Working two years in advance does many things: It gives you better rates, it gives you more choice when booking speakers and performers, and it allows you to get a big jump on registration.
Partner with key organizations, but choose your friends carefully. You can't create a successful teen meeting alone. Success requires mutually beneficial alliances with people and organizations. Build on those relationships by treating your partners well.
Make this your marketing mantra: “Nobody is going to get a better deal than my existing customers.”
Add language that guarantees there will not be incompatible groups sharing the facility space.
Don't fight fast food. If you choose to fight it, you will lose. One of the first things to look for in your site selection is the proximity of fast food. Is it convenient to the hotel and/or the convention center? It needs to be.
For late night, pizza has to be available. Again, don't fight this, because you will lose if you do. There are two ways to provide pizza: either have the hotels ramp up their pizza production and sell the pies at a reasonable price, or make an arrangement to have an outside pizza vendor provide the pizzas, with the hotel receiving a small fee for every pizza brought into the building.
Educate the hotels. If the hotels want F&B revenue from your teen meeting, then they are going to have to change a few things. For breakfast, the hotel will do very well if they provide “grab and go” food options.
What's working today for programming might be much different from what worked even 10 years ago.
One planner said: “You have to recognize that teens are teens. There has to be energy, fun, and excitement. But I believe that this generation wants depth, framed in authenticity. They can smell stuff that's phony. Genuineness is a given. Nobody can read from a TelePrompTer. Kids can't have the sense that it's scripted. We assume too little of kids. Challenge them. Give them credit.”
To eliminate the need for ground transportation, make sure there are enough hotel rooms that meet your needs close to (within three blocks) of the convention center. If you negotiate well on hotel rates, attendees won't be tempted to stay at low-cost hotels that are farther away.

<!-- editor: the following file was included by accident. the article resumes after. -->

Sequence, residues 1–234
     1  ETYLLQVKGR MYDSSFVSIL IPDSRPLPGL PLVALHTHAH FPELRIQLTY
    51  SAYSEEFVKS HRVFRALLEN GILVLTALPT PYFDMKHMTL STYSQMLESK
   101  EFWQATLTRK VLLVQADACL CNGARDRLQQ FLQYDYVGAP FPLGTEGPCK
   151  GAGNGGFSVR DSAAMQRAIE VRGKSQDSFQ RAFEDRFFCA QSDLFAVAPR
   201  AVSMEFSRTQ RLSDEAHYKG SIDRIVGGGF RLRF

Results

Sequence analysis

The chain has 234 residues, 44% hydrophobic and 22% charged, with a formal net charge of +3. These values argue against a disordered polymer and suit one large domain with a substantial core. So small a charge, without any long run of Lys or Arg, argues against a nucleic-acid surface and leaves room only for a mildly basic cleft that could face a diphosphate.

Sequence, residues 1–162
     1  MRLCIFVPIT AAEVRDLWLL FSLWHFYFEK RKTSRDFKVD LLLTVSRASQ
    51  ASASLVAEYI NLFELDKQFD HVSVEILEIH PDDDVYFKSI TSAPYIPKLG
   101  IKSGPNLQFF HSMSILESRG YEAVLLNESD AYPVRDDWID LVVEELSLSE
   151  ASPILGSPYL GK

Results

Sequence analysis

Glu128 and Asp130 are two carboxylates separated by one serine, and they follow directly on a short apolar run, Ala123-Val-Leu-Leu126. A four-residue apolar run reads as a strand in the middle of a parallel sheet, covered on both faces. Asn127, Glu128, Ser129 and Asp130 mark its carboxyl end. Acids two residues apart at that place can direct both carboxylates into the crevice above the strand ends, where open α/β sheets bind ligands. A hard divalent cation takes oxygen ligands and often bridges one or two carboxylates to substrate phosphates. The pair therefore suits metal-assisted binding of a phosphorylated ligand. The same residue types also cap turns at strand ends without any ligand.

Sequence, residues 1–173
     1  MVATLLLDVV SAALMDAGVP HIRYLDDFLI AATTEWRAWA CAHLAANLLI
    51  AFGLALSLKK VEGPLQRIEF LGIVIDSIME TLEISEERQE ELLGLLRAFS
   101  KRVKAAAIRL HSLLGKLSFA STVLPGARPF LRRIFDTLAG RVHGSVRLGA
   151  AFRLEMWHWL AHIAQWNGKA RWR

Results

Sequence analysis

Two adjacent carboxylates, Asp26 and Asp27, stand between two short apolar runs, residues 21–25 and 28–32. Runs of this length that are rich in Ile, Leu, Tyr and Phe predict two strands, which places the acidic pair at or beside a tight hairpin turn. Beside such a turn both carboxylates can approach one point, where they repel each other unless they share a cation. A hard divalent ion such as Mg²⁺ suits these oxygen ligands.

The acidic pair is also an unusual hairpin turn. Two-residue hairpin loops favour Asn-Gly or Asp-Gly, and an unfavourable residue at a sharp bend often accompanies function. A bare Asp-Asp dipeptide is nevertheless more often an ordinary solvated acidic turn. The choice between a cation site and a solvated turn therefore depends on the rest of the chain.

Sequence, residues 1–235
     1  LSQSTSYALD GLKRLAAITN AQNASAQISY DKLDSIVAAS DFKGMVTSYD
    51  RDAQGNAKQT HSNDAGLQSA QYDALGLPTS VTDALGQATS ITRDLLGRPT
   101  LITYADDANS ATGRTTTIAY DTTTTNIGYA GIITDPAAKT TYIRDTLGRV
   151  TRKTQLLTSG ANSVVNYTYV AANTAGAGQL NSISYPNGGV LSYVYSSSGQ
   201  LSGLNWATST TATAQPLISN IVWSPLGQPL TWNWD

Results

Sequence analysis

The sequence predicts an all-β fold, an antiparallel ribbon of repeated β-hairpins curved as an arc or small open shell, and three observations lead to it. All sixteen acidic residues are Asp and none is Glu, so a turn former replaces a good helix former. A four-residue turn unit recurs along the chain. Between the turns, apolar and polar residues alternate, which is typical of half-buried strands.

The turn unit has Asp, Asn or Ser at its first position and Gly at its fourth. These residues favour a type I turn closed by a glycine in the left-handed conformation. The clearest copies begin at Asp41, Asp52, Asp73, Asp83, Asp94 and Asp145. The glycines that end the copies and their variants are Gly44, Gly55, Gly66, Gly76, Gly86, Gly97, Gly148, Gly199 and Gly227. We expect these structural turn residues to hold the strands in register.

One large room for worship and gathering is a given.
A room dedicated to games and activities (air hockey, basketball, perhaps a casual stage) has worked well for many groups.
In a convention center or hotel, use an auditorium with seating for 400. Use the space during meals and other open times. Open up the auditorium stage for 20-minute performances by amateur performers, and have grab-and-go food or one-choice menus available. This is a great way to give attendees an option for meals; it also gives your teens the opportunity to perform.
If you want interactive breakout sessions, place the stage in the middle and the kids in small groups surrounding the stage. This creates intimacy and is conducive to learning. (Do not use theater-style seating for an interactive program.)
Designate one room for the creation of items for needy people. For example, set up a woodworking area for teens to make cabinets for an area charity.
Here"s one piece of advice that perhaps will do more than any other in making your meeting successful:
In everything you do and in every decision you make, take good care of the decision makers (youth leaders, youth pastors). Consider giving them food freebies, T-shirts, anything that will be meaningful to them.
“Youth leaders and those in ministry aren't thanked enough,” one planner said. “If you can make them feel genuinely appreciated, it will go a long way.”